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Lack of Experts Means Patients Call the Shots

Health: Baffled physicians and vague, ever-changing medical advice leave people at risk for anthrax feeling they are on their own.


WASHINGTON — After 22 days of Cipro, an editorial assistant at American Media Inc. couldn't stomach it anymore.

The nausea and cramps had her eating little more than rice cakes. Her personal physician was perplexed--he had never seen a case of anthrax in his career, so how could he advise her? He sent her to the local health department, which gave her an alternative antibiotic.

"What do the doctors know?" the 44-year-old woman said with resignation, insisting on anonymity. She and hundreds of others at the Florida publishing company where anthrax claimed its first fatality in the current outbreak are trying to get on with their lives, even while a course of preventive treatment has left a lot of them feeling lousy.

Amid a whirl of vague and ever-changing medical advice, the legion of workers who might have been exposed to the deadly bacteria are calling their own medical shots.

The experts the nation has come to count on for a firm plan in a public health emergency are baffled, and thousands of people on the receiving end of care have come to conclude that they are somehow on their own.

"We are the guinea pigs," the editorial assistant said. "I went to the board of health yesterday, some of my colleagues are going today, others are not going at all. It's a private decision."

Some doctors say their four years of medical training included 10 minutes on anthrax. No one is sure who has been exposed to the deadly bacterium, much less who should be treated. That mystery deepened Wednesday with the death of a New York hospital employee who--not having been required to handle mail in the course of her work--may be the first average citizen infected with the pulmonary form of the disease, the most deadly.

"We went through all these blood tests and nasal swabs, and the results are still uncertain in terms of determining who was really exposed and who wasn't," the American Media employee said. "So if they don't know that, how can they know 60 days of treatment will help either? We aren't idiots."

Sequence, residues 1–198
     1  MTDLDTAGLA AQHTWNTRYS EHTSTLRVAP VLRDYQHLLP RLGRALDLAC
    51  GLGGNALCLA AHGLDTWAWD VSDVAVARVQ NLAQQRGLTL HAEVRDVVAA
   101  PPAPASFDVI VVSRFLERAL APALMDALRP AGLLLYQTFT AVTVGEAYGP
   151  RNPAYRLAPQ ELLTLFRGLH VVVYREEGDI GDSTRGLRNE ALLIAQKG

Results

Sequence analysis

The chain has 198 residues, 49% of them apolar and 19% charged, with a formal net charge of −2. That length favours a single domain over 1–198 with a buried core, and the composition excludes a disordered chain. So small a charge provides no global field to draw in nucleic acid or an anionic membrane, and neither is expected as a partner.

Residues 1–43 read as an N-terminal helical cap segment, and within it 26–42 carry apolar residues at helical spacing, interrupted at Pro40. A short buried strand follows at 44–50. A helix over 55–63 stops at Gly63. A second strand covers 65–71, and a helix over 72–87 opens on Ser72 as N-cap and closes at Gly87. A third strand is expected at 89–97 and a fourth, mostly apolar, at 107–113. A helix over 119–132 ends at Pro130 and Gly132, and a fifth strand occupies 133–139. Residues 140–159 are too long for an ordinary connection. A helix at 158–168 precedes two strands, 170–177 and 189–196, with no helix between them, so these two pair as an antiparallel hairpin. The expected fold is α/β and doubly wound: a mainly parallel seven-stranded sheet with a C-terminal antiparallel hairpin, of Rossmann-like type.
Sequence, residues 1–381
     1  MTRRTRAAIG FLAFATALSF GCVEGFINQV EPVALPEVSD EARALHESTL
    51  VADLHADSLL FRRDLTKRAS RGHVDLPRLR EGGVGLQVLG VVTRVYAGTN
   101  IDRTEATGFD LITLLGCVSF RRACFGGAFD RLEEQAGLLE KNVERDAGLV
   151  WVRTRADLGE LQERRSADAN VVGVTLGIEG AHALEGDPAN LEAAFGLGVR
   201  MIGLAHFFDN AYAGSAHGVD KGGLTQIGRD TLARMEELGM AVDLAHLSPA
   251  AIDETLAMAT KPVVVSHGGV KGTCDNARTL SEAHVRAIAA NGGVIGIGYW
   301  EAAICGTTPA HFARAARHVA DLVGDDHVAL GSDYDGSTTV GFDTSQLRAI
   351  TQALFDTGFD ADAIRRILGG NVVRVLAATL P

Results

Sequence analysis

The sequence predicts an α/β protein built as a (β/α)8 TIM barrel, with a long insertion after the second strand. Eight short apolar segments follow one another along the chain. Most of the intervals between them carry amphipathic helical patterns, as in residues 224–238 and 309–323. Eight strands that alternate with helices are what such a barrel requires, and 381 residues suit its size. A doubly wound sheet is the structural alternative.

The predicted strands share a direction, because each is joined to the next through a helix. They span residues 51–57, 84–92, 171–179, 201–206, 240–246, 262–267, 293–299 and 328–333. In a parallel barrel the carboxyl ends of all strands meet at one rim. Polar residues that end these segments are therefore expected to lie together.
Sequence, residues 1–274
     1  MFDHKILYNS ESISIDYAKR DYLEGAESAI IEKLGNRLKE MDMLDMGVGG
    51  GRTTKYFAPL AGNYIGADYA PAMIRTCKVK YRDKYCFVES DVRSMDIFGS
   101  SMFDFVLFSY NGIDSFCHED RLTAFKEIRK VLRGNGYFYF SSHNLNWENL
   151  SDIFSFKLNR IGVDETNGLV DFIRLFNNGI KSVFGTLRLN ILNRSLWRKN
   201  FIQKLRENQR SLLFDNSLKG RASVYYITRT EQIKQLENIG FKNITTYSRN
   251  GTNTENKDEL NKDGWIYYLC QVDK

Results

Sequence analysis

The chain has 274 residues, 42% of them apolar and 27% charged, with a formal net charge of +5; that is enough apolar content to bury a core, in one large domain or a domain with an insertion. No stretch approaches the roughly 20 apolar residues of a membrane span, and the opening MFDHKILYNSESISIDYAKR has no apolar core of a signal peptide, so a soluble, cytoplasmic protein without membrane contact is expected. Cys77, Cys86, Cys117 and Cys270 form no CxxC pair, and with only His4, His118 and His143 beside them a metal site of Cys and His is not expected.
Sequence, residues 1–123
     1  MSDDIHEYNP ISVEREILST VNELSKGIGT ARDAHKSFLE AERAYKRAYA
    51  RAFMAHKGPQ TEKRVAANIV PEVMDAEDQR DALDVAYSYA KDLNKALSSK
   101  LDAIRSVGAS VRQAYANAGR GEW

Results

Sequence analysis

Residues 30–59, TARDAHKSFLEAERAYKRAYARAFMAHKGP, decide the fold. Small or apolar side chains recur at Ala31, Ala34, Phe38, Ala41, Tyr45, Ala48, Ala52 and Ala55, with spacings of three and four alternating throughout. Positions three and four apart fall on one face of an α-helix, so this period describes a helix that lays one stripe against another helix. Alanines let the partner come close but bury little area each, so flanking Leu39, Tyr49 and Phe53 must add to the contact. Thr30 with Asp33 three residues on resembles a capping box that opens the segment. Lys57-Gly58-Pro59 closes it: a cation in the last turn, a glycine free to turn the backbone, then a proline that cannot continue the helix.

Hearing mixed signals, colleagues working side by side in places of potential exposure are following varied courses of treatment. Mail room employees at companies that sort bulk mail are instructed to take antibiotics; secretaries who open the mail are not.

As frustrating as the situation is, experts say patients should not ignore medical advice. If some patients take antibiotics, even though they aren't at risk, they could be contributing to antibiotic resistance in the community.

And if at-risk patients don't take antibiotics, as recommended, they could place themselves at risk of an anthrax infection.

"I don't know how much more clearly to say this: If you really are in a risk group, you don't want to get inhalation anthrax. You don't want to get sick with this stuff," said Dr. Ivan Walks, the District of Columbia's chief health officer.

Even in firms that handled mail that passed through Washington's Brentwood mail processing center--where traces of anthrax were rife and two workers died--not all mail handlers have chosen to follow the government's treatment guidelines.

Ronnie Griffin has worked as a mail handler for the Washington law firm of Wiley, Rein & Fielding for five years and says he has no worries about handling crate after crate of mail that comes in each day. He and his co-workers have been advised to take antibiotics; surgical gloves were made mandatory. But Griffin remains defiant.

"I feel fine. I have no symptoms, no sores," he said. "I have better things to worry about right now. I really don't think about anthrax."

Yet that's all Sherman Watson thought about as he stood in line at D.C. General Hospital on Wednesday for his second course of antibiotics, this one for 60 days. A mail processor at Brentwood, he was best friends with Joseph Curseen Jr., one of the two who died of inhaled anthrax. They met about six years ago in machine automation, read the Bible together and carpooled to work.

"This stuff is not to be played with," Watson said with tears in his eyes. "Life is so precious. I hope no one else has to die."

But few are as certain of the proper course to take. While a nervous public begs physicians for anthrax drugs, others are turning prescriptions away.

A survey of Kaiser Permanente members who worked at Brentwood underscored the level of misunderstanding. One woman was "saving" her supply in the event she developed symptoms--when the disease is far more difficult to cure.

Another woman neglected to take hers because she feared they would interfere with her birth control pills, said Susan Whyte Simon, spokeswoman for Kaiser Permanente of the Mid-Atlantic States in Maryland, which has been doing patient outreach to monitor the antibiotics' effects.

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